Monday, February 3, 2014


being at a jury summons is not all too dissimilar to being in an airport, or any confined space with a group of strangers with no immediate means of exit.  the difference being, of course, when you are at an airport it is mostly by choice, but a jury summons is rarely if ever a endeavor of gleeful choice. in fact, sitting with your id number clipped to your front with a plastic badge holder, you become a nameless no one, just a number, and as you see the fellows to your right and left get called to stand in line for a 29-day court case, you can’t help but feel as if you are watching a comrade line up for the showers at a concentration camp, you sympathize but can do nothing to aid them in their fate…it was nice coexisting with you briefly…

most of us here are filled with internal groans of the great inconvenience of being ripped out of our routine, taken away from the task list of our lives: our activities and social/work obligations.  and most are equally flustered by the not-knowing of our immediate future: will we be asked to serve on a panel of jurors or not? how long with the case be?  we are uncomfortable with our uncertainty.

as you sit around in the room, you assume everyone’s story is the same as yours.  i mean you don’t, but you do.  you assume this because it is your only frame of reference – your story – and we are primarily egocentric creatures.  understanding our own story is complex and exhausting enough without trying to consider the differences of the stories being woven around you.

but, if you are stuck in such a confined space with a group of strangers with no immediate means of exit, and you did not bring sufficient distractions to occupy your thoughts, you begin to wonder what everyone’s story is.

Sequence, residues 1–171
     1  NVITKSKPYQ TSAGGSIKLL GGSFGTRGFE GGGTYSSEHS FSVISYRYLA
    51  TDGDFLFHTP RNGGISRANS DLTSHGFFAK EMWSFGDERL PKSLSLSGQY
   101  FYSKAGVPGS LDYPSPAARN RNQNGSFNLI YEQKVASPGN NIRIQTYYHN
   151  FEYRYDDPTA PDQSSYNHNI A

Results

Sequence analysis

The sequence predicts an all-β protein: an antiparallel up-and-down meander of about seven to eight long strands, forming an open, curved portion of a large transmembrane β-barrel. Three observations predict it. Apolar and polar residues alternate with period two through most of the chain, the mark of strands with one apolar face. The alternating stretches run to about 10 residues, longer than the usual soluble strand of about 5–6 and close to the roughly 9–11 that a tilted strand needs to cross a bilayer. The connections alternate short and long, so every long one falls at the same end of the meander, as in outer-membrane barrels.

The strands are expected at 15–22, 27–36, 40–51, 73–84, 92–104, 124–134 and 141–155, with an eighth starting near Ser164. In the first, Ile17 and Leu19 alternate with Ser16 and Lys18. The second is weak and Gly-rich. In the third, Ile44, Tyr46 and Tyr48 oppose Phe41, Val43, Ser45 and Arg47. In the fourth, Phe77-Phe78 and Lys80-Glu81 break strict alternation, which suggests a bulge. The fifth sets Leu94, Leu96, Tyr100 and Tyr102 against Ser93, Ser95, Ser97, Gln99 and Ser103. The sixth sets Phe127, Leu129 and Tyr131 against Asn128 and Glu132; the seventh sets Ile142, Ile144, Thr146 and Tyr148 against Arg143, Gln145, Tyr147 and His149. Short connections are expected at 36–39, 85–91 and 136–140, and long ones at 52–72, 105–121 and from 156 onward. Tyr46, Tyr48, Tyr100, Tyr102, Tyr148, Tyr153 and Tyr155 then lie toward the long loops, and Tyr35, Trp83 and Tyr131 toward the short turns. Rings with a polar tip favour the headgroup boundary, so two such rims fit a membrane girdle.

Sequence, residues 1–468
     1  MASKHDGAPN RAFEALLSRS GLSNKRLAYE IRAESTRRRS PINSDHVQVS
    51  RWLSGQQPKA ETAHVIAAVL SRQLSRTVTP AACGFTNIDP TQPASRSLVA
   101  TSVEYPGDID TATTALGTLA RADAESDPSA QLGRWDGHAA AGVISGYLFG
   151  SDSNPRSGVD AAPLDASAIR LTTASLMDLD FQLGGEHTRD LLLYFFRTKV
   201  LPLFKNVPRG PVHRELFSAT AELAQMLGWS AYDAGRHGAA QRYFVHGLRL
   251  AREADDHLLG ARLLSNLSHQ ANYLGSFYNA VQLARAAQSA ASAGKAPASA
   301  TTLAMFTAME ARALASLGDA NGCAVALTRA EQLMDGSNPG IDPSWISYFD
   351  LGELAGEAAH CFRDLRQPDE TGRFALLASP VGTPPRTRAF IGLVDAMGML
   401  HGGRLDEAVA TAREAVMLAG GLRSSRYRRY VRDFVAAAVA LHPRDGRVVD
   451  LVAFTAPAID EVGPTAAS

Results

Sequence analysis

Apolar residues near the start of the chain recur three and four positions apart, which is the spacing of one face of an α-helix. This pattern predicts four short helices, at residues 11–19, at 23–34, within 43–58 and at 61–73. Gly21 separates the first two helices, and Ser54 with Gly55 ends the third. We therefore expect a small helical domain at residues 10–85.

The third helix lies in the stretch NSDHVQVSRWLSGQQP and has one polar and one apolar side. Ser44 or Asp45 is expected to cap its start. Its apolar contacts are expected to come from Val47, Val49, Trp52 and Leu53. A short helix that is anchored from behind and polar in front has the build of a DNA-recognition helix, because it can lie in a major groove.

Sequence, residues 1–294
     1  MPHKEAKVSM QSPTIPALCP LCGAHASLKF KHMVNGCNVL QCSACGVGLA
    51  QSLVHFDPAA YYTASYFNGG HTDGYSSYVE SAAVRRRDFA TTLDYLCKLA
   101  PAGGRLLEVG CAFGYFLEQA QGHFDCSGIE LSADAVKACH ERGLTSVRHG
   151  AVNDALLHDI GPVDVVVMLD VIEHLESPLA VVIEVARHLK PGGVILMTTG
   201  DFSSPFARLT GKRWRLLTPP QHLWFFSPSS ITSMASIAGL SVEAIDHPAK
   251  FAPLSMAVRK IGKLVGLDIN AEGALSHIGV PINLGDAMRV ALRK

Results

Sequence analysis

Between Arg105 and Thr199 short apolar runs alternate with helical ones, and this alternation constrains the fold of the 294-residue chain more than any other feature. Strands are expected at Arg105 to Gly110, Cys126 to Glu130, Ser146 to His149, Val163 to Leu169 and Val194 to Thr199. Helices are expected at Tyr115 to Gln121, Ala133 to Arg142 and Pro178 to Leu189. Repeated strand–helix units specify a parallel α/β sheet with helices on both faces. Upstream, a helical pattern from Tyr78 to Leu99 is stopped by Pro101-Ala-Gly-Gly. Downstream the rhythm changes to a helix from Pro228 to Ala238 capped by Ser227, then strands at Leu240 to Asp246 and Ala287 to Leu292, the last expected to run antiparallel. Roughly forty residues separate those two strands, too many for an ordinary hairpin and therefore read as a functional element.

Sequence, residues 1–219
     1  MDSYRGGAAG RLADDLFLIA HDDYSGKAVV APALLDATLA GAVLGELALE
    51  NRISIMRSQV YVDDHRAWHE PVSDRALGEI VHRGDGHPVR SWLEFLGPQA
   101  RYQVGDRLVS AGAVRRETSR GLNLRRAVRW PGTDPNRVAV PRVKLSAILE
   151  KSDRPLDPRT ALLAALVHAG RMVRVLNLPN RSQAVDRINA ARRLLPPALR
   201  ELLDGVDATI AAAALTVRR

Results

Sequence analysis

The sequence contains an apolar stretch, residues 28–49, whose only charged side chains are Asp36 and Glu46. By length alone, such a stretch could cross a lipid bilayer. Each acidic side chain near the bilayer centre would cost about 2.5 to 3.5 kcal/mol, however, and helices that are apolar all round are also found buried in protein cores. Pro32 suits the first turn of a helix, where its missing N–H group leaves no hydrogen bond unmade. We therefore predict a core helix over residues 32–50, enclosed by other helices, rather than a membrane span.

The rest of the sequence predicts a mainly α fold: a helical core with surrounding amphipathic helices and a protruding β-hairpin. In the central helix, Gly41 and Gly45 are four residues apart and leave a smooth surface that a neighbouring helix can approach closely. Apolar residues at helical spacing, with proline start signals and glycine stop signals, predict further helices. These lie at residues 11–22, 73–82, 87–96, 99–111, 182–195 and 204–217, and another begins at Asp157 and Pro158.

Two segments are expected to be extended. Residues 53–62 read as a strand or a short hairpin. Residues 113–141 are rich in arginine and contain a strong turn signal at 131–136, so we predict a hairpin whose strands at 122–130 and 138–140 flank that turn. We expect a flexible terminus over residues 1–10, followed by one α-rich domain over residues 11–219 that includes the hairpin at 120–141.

the yuppie to your right, for instance, the one in a stiff suit and forehead in hand as he feverously navigates his iphone is making no attempts at disguising his displeasure.  you are anxious that the depth of his scowl may leave permanent scars on his face.  he is likely internally chanting, “time is money!” and he has no time for this, and he will never have enough money.

the young girl in the mustard cardigan and a “got science?” sticker on her BPA-free water bottle is clearly a college student.  she is not bothered by the environment, just making the best use of her time.  after all, with her highlighter and study materials in tow, being here is just as good as being in a library.

then there is the white-haired man seated nearby.  wearing weathered leather shoes and a faded blue flannel button-up.  he’s reading the paper and looks as cozy as he would look in his own kitchen, eating eggs and bacon.  he wouldn’t admit this to anyone from a sense of stubborn pride, but he hopes to be kept here all day because he so rarely gets to be among a group of people anymore. 

and if you are not sufficiently distracted and let your thoughts wander, you might meander deeper into how well you know the story of those in your life, those who are not strangers to you.  how often do you sit and read the details of their internal ambitions and hopes, the ones they barely whisper about?  how frequently do you seek to know the inner-most depths of what weighs heavy on their hearts?  do you ask the hard questions that will require a sacrifice of your time?  do you look for ways they need you to become part of the story? a co-traveler on their journey to a ill-defined horizon? maybe our routine and our plans for our day are not always as impossible to abandon as we might  imagine.

a jury summons is a call to a civic duty, it is an obligation to lay down your routine for a confined period of time because we legally have no means of escape.  but, it can also be a medium of awakening to the ways you might live more actively in the present, and an illumination of all the ways we chose not to do so.